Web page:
A Beginners Guide to Photo Showing
What is a Photo Show?
Photo Show’s are a very popular way of showing Model horses. You simply send in photographs you have taken of your model horse to the show holder/judges and they are judged just like a real life horse show. Each picture is judged on its realism and how true to life it appears. The judging is not a random process and so being placed can be an art!
The most commonly used type of film is 35mm and each model entering must have a name, breed, sex and age plus must be appropriately placed in each class in which it is being show.
When you first started collecting model horses, I bet you never imagined that models could be entered into shows, just like real horses!
Ever wondered what a photo show was? Fancy having a go? Here is a brief guide to get you started. It is great fun and may be lucky to get placed and win some prizes!
Step 1: How to choose your victims (erm sorry, horses!)
First, decide on which models you would like to show. The best way I find to do this is choose your personal favorites (we all have our own!) and or the best finished ones- i.e. the models with no scratches, rubs or obvious marks. Sometimes it is also helpful to look at the class list to see which classes would be the most suitable for the horses in your collection.
Once you have chosen your horses, you will need to “groom” them. Give them a brush with a soft cloth to remove any dust to make sure they are in tip top “showing” condition. Note: Never use furniture polish when grooming your models as it tends to ruin the paint finish.
Step 2: Create your scene
The aim of photo showing is to make your photos as realistic as possible. To create a realistic photo you will need a background to take photos of your model against. The best method is either against a background- i.e. a blown up photo/poster which is in scale with your horses or a method which I personally prefer, alfresco! By taking your pictures outside in your own garden or park on a nice sunny day will give you plenty of natural light and a much more realistic look to your photographs. When taking photos outside, just remember to make sure that you can see the horse’s hooves. If you cannot see them it means the judge of the show cannot either, possibility marking down your entry in the show. To correct this fault, simply trim down any blades of grass that obscure the hooves.
If you are using a background, the same rules apply. Make sure no household objects feature in your photos- TV maybe great to watch, but not as a starring role in your photo!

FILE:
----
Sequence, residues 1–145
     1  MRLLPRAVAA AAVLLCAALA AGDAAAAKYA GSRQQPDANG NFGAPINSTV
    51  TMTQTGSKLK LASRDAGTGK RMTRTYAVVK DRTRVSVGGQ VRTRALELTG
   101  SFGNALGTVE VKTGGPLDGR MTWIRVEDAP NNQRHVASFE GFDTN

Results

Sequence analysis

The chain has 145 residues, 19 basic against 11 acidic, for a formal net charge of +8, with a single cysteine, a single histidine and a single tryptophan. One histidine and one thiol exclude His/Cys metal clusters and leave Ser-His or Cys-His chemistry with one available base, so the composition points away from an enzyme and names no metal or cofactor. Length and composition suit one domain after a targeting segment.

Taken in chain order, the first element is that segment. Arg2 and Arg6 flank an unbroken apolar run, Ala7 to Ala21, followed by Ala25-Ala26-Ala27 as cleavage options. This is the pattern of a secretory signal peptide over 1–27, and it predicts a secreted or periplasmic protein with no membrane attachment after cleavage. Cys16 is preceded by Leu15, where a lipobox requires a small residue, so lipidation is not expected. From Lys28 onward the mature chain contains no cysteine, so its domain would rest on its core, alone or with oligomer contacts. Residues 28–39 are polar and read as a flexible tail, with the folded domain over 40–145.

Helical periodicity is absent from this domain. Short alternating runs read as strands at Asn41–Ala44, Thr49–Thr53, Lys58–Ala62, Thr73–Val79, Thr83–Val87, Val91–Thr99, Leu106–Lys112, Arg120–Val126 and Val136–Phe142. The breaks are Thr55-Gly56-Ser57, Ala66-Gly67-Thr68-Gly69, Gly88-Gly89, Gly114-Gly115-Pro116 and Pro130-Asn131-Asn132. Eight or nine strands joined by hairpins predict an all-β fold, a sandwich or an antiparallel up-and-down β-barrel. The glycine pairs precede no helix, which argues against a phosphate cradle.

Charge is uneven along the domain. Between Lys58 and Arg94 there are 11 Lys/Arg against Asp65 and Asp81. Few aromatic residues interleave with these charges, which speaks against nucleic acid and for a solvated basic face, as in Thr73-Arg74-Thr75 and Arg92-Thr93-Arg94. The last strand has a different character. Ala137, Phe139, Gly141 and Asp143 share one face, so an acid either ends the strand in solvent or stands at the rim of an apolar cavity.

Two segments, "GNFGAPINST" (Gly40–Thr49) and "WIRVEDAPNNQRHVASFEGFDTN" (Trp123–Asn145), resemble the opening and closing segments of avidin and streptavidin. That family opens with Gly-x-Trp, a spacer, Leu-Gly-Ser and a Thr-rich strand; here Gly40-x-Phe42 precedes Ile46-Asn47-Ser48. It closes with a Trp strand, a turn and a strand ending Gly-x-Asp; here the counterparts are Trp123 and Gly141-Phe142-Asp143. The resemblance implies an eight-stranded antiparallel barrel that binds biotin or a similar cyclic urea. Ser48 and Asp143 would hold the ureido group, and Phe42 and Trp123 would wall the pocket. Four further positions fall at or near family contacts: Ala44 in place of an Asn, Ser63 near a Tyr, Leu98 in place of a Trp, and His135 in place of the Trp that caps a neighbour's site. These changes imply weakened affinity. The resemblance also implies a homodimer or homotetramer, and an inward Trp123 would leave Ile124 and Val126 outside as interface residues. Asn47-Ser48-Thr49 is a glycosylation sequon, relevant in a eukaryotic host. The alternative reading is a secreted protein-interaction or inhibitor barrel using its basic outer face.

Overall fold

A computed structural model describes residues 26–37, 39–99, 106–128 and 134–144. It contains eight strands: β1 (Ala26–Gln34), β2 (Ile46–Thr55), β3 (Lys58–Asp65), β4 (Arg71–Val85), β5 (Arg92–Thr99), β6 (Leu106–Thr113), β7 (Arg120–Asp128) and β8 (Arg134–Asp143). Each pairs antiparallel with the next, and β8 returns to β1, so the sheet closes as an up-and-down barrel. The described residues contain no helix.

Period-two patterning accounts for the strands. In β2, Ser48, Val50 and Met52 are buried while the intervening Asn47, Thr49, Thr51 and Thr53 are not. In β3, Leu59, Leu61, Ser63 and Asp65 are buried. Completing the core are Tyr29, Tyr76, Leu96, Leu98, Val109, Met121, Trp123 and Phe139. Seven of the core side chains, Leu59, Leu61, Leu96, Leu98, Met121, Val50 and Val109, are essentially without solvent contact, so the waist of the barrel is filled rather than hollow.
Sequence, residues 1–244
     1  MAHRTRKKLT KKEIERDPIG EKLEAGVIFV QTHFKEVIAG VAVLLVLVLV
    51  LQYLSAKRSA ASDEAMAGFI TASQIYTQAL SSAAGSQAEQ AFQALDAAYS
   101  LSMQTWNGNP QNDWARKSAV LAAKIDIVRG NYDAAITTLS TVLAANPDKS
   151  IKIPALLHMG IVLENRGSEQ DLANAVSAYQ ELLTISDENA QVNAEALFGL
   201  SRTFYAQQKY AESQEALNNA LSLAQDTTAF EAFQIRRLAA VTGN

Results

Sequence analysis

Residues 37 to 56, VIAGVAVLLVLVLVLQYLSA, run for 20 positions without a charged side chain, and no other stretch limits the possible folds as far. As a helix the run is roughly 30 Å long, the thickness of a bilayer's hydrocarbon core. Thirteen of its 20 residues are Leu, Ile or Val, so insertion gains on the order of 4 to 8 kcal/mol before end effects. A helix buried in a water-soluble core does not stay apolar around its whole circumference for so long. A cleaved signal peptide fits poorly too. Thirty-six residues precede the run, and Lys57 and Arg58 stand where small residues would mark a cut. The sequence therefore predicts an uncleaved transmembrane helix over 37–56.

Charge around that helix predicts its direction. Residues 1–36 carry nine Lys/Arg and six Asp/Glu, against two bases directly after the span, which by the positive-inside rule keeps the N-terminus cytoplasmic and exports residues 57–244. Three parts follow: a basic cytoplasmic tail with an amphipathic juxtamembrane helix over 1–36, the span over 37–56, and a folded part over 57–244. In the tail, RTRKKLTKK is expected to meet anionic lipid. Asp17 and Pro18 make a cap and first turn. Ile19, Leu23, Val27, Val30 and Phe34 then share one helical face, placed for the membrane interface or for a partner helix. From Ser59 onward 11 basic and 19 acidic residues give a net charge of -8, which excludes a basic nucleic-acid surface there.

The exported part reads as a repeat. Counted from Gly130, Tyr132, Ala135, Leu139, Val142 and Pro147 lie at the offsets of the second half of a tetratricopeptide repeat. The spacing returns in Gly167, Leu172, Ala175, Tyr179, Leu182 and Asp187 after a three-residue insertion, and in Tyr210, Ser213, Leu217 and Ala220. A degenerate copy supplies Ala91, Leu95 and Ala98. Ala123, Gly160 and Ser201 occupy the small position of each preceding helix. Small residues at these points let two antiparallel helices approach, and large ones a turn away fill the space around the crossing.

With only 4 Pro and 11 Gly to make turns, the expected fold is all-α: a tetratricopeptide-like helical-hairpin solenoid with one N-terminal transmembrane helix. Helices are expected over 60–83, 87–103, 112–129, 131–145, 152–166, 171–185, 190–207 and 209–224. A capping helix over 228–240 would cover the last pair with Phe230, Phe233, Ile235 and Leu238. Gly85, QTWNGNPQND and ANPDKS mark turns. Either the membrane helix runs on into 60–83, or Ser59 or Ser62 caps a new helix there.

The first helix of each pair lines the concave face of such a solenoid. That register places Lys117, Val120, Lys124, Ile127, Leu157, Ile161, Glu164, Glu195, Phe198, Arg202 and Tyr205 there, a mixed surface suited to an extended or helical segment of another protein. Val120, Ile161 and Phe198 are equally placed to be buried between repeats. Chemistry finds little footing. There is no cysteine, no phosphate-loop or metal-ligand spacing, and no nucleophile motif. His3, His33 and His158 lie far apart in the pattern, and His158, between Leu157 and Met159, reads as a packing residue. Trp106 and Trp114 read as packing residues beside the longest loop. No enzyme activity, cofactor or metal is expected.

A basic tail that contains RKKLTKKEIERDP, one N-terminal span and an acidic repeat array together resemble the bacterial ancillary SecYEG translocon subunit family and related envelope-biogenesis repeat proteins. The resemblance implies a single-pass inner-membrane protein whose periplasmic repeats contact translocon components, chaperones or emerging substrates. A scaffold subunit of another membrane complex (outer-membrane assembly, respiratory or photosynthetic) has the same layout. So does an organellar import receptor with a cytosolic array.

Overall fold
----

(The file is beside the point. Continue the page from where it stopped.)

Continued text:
Another tip would be to try and blend your background to the foreground. This can be done with the use of fences and other props. It helps to create a seamless impression between the two and make your photo even more realistic.
Step 3: Get Camera Happy! Find a camera and get snapping!
Now that you have your set, you will need to take your photos. It always best to place a model with its mane side facing you, or position it so your models “best side” is showing. Another major thing you must remember is to make sure that the items in your scene are applicable to class and breed.
– If you are using head gear (i.e show halters) make sure that it applicable to the breed. For example, Western stock halters are great but they don’t suit Arabian horses. If you are unsure about what items of tack suit which breed, have a look in real horse books to find out. Since model horse in photos shows are judged like real horses, real horse rules apply.
– Make sure that the halter does not cover the horses eyes
– If you are using a handler in your scene, make sure the are wearing to correct clothing for the class and not obscuring the horse. If in any doubt, don’t use them!
– If you are taking performance pictures, make sure you have the correct tack and rider for the class and discipline. For example, a smartly dresses show jumper would look out of place in a western class.
Once you are happy with the overall “look”, take some pictures. Digital cameras are great for this as you can see instant results and delete the bad ones! Personally, I still prefer the old fashioned way. I love to get my photos back from the developers and see how many heads I’ve managed to chop off or how many are out of focus!! It’s all worth it when you get a great photo- WoW! I find it best to take a few shots of each horse and choose from different angles as then you can choose which ones you think are the best.
Step 4: Now you have your photos, you’re nearly there. What you need to do now is place your and you’re horses details onto the back of the photo so that the judge knows who the photo belong to and who the horse in the photo is!
I find it best to write your details onto a white self adhesive label and then attach it to the back of the photograph. Here is my way of laying out your details:
It is always best to write the class numbers which you want to enter your photos in, in pencil. This way it can be rubbed out and replaced with a different number when you enter your next show. Class numbers nearly always vary from show to show.
Step 5: The last step! All that remains is for you to send your photos to the show holder. Always remember to include a Stamped Addressed Envelope with return postage so your photos can be returned after the judging is completed. Another helpful tip is to mark the envelope “Photos Enclosed- Please do not bend” just to be on the safe side!
Now all the hard work is done, sit back and relax, and you’ll never know, you could have just created your very first winner! But remember, the most important rule of all- have fun and enjoy your models and the model horse hobby!